"Laugh, and the world laughs with you; weep, and you weep alone."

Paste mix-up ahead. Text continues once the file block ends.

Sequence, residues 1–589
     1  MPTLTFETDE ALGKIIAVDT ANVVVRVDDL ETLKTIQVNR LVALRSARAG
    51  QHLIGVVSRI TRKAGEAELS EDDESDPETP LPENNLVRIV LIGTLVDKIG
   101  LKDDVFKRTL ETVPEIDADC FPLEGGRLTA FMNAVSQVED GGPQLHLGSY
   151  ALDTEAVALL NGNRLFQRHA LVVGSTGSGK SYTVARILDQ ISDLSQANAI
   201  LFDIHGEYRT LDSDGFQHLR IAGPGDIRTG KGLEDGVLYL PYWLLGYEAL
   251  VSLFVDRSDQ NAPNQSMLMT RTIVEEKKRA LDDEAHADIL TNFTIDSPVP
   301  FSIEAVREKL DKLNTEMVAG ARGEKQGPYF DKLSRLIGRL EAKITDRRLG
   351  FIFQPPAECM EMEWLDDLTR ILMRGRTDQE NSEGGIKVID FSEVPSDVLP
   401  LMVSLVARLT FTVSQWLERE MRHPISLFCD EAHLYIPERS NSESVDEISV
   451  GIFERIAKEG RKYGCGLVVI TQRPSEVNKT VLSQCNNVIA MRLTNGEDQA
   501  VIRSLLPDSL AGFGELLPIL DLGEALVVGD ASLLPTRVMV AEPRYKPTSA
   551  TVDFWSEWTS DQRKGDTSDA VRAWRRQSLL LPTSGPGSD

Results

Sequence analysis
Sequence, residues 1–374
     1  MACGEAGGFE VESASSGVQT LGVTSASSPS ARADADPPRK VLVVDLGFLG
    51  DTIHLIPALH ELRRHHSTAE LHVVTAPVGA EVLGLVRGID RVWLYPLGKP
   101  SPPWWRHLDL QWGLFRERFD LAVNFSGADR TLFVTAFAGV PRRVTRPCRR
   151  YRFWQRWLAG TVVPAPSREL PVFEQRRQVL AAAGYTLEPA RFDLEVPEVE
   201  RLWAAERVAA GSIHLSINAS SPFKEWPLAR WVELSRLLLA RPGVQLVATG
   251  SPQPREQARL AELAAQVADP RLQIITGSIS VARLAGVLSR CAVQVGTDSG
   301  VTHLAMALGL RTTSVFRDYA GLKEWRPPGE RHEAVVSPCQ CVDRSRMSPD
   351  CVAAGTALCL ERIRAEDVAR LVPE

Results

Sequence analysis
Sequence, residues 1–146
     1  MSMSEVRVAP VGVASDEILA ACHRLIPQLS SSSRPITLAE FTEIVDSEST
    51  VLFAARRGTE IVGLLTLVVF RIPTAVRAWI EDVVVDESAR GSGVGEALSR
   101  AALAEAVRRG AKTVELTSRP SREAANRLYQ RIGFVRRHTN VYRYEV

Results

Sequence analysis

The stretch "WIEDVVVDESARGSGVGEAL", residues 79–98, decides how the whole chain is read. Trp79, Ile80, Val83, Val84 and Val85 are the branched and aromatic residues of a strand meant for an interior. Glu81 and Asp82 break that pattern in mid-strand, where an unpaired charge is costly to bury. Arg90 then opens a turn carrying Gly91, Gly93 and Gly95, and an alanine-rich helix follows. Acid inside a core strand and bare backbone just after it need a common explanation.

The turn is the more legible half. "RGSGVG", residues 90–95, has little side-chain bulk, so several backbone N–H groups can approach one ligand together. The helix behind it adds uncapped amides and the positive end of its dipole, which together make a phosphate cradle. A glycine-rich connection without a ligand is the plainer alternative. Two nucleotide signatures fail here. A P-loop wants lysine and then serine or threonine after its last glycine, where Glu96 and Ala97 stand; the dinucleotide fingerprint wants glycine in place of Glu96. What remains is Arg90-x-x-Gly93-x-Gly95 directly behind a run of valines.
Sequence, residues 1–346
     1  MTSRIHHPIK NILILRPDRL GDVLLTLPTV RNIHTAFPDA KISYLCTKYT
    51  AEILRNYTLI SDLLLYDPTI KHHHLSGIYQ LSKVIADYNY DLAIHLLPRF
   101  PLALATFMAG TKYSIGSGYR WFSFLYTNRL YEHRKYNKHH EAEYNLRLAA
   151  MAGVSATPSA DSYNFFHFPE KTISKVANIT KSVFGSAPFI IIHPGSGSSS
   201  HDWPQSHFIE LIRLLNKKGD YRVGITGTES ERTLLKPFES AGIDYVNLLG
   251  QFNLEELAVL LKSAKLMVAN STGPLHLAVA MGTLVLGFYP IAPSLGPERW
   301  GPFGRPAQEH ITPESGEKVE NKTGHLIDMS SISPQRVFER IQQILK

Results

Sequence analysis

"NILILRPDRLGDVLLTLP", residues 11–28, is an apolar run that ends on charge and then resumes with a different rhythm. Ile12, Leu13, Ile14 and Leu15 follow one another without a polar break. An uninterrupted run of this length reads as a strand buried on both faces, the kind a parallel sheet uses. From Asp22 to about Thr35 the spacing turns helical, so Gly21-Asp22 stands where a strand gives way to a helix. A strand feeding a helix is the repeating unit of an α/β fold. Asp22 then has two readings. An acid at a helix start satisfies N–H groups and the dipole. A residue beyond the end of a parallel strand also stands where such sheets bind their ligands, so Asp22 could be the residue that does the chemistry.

There's a gross moment in this mind-bending thriller where Oh Dae-su actually eats a living octopus. At first I thought it's significance wasn't worth it's weight. It wasn't till my second viewing that I realize the living part of that was relative to Oh's desire to consume life after being locked up for 15 years. The character we're introduced to in the first moments, a drunk man with a gift for his daughter, is not the same man who is released from that isolated prison. In a sense, Oh has been reborn, emerging into the world like a baby wobbling about unable to see because of the sun's glaring brightness. The film doesn't truly begin until Oh fights his way to a small victory. A blood one shot take where he barely survives a battle with ten enemies. It's a truly classic moment and a textbook example of a one take. Just as Oh finds hope in this mystery the box opens and we discover the tragic truth. A discovery I hope you'll decide to seek yourself. I was overwhelmed my first watch. My second watch only days later I finally grasped it and fell in love as my heart sank. Oldboy has more inspiration from Shakespeare than it does from the thrillers of the 1990's. It's violent and sexual themes too taboo for Hollywood today. But as Roger Ebert says in his review, "content does not make a movie good or bad -- it is merely what it is about. Oldboy is a powerful film not because of what it depicts, but because of the depths of the human heart which it strips bare." There are powerful and uncomfortable moments and questions posed throughout this violent and tragic film and it's all worth experiencing, if not once than twice.